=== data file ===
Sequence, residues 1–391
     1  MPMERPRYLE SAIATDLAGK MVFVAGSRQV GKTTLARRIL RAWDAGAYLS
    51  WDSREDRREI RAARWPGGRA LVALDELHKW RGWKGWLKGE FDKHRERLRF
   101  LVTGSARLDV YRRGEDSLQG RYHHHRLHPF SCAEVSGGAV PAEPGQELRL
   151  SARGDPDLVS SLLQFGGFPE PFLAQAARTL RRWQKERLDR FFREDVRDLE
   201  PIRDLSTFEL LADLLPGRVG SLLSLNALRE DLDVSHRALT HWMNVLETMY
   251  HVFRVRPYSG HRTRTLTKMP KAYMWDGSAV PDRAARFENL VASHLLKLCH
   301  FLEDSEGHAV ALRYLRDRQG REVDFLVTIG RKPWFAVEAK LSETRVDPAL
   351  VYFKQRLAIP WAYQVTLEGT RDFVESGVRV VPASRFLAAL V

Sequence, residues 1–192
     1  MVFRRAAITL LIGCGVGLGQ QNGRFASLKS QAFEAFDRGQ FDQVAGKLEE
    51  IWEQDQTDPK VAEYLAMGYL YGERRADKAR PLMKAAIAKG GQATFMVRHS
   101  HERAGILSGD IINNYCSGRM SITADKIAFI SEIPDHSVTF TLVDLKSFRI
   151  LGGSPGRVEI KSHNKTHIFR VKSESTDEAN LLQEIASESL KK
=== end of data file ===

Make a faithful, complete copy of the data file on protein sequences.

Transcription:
Sequence, residues 1–391
     1  MPMERPRYLE SAIATDLAGK MVFVAGSRQV GKTTLARRIL RAWDAGAYLS
    51  WDSREDRREI RAARWPGGRA LVALDELHKW RGWKGWLKGE FDKHRERLRF
   101  LVTGSARLDV YRRGEDSLQG RYHHHRLHPF SCAEVSGGAV PAEPGQELRL
   151  SARGDPDLVS SLLQFGGFPE PFLAQAARTL RRWQKERLDR FFREDVRDLE
   201  PIRDLSTFEL LADLLPGRVG SLLSLNALRE DLDVSHRALT HWMNVLETMY
   251  HVFRVRPYSG HRTRTLTKMP KAYMWDGSAV PDRAARFENL VASHLLKLCH
   301  FLEDSEGHAV ALRYLRDRQG REVDFLVTIG RKPWFAVEAK LSETRVDPAL
   351  VYFKQRLAIP WAYQVTLEGT RDFVESGVRV VPASRFLAAL V

Sequence, residues 1–192
     1  MVFRRAAITL LIGCGVGLGQ QNGRFASLKS QAFEAFDRGQ FDQVAGKLEE
    51  IWEQDQTDPK VAEYLAMGYL YGERRADKAR PLMKAAIAKG GQATFMVRHS
   101  HERAGILSGD IINNYCSGRM SITADKIAFI SEIPDHSVTF TLVDLKSFRI
   151  LGGSPGRVEI KSHNKTHIFR VKSESTDEAN LLQEIASESL KK